Four School Districts in Oklahoma voted on bond issues that included adding safe rooms or storm shelters to schools. This after lawmakers failed to pass any legislation regarding the issue this session.
In Putnam City, voters passed a $120 million bond issue that includes adding safe rooms to 10 schools.
The May 20 scene of two Moore schools destroyed by a tornado struck fear into the hearts of nearly every parent including Shabrone Brookings.
“I had two children at Briarwood during the May 10 tornados,” he recalled. “One, my 5th grade daughter, was actually in the building in the bathroom when the building collapsed and it was the scariest moment of my life.”
Brookings is now the principal at Windsor Hills Elementary in Putnam City where voters approved building a new bigger library that will also serve as a safe room for the school's 700 students.
“The safe room, I think that may be the biggest and greatest component of the bond issue for Windsor Hills,” said Brookings.
This will be the first time Putnam City will have safe rooms in their schools.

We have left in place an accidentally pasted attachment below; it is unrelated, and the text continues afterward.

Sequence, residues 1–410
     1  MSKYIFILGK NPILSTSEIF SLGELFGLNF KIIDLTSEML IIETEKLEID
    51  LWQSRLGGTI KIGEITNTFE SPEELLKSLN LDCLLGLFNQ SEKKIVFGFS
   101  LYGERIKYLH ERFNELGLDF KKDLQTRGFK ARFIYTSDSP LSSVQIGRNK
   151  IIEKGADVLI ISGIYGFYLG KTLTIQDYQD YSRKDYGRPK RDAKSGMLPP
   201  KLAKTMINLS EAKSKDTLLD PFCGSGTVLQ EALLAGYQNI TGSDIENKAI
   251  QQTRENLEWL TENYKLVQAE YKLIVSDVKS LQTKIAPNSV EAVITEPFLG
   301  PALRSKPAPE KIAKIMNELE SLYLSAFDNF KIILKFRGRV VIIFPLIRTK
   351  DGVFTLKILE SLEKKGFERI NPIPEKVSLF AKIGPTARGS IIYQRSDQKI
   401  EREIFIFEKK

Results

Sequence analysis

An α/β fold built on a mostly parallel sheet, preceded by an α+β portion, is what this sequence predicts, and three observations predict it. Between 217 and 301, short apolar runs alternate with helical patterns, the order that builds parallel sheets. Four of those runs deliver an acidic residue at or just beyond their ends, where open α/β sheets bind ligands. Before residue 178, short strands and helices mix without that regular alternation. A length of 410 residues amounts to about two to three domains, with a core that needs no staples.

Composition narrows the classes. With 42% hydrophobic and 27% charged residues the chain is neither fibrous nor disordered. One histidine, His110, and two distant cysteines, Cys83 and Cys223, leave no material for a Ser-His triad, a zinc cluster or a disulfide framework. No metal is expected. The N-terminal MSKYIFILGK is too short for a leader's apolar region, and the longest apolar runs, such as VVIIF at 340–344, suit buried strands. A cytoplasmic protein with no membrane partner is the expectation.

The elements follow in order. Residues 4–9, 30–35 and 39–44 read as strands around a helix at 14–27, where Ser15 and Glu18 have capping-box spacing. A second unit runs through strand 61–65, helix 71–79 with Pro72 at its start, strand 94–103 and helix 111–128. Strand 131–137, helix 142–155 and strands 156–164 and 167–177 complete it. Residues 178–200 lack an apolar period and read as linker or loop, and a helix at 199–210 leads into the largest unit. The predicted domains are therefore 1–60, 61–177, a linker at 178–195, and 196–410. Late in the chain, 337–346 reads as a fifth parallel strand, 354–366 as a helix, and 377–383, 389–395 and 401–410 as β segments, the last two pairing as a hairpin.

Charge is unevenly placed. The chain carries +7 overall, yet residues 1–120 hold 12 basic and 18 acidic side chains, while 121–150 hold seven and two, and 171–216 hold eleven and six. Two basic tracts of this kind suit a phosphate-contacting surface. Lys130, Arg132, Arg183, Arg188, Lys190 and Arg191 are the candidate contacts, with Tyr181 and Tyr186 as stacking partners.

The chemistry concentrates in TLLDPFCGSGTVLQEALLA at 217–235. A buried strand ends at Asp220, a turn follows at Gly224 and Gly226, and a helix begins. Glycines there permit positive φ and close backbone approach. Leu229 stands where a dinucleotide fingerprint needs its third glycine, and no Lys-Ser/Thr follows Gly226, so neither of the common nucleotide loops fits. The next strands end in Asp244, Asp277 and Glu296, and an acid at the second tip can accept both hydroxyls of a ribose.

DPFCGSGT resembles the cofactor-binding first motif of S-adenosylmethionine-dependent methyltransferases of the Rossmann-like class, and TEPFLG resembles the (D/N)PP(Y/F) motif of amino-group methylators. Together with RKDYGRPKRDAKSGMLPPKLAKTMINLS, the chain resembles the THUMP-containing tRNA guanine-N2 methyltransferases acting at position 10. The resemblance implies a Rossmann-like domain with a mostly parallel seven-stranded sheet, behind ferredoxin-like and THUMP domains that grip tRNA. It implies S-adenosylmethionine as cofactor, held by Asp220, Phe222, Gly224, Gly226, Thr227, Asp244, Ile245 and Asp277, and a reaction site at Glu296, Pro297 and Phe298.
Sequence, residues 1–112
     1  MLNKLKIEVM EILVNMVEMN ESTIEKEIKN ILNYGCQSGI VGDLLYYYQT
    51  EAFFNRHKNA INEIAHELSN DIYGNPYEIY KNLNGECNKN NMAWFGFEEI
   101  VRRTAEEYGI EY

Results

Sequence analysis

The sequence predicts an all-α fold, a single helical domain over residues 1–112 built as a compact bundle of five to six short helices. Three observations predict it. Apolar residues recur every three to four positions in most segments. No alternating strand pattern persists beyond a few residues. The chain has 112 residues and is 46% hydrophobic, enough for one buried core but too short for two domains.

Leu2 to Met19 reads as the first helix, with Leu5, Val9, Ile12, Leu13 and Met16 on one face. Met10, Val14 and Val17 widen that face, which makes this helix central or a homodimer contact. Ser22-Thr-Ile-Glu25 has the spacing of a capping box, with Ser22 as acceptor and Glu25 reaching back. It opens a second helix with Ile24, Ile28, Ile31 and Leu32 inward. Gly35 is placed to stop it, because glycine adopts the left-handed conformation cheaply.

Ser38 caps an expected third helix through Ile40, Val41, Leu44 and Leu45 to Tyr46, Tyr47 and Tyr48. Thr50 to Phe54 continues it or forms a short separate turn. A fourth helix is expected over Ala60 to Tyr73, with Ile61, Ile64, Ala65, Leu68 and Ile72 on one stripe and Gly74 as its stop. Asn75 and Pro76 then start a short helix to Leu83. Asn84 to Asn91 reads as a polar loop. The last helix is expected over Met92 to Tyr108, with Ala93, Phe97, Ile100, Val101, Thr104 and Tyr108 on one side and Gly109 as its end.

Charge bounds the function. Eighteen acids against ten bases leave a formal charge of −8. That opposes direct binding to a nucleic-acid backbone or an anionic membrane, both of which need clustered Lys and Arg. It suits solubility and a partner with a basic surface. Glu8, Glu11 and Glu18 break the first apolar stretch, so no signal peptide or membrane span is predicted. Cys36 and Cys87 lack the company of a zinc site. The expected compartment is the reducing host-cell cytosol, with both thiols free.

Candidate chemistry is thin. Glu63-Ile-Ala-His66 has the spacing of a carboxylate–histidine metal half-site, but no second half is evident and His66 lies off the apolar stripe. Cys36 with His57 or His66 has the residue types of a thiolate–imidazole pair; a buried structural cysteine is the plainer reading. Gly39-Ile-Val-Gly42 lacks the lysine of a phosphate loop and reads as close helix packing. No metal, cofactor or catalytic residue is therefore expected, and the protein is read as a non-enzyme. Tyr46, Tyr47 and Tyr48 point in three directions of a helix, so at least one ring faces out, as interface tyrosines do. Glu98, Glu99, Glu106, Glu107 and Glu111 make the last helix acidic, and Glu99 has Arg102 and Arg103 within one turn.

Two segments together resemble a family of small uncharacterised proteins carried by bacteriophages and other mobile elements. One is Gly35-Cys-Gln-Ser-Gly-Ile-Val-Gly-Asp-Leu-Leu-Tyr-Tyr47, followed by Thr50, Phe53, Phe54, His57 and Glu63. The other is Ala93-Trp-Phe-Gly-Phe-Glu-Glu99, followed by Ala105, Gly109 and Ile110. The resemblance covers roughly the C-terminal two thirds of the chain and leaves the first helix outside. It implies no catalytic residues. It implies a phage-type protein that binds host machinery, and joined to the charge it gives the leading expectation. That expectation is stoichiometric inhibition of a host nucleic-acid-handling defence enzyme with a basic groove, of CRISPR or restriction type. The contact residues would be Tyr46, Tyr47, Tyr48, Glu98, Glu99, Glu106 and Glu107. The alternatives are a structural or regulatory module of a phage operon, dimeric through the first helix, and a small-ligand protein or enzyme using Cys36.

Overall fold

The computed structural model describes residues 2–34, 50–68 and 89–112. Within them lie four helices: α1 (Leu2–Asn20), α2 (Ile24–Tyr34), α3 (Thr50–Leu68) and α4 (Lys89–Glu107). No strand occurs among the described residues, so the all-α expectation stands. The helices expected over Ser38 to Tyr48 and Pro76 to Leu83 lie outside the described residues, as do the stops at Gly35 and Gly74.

“I really think it was due to the tornado in Moore. I think that that opened a lot of eyes,” said Putnam City Communications Director Steve Lindley. “There used to be a thought that schools weren't open late enough for tornadoes to effect people, but there's an example of when it did and we know the tragic consequences.”
Voters in Elmore City and Panama also approved bond issues that included storm shelters. In Rush Springs, the issue failed by just two votes. The superintendent says he will be asking for a recount.
But approximately 25 school districts across the state do not have that option because they are at or near their debt limit. Right now schools can only have bond debt that is less than 10 percent of the district's value. A resolution that would have allowed a onetime exemption from that barrier failed to pass through legislature this last session.
Putnam City, however, is one of those with room under their debt limit.
“This is the beginning of what we're going to do, it's not the end,” said Lindley.
And Mr. Brookings knows how important that can be.
“My family just did a big sigh of relief, came and gave me a hug at the dinner table,” he said after hearing news of the bond passed.
In Putnam City, funds for some projects will be available as soon as January 2015.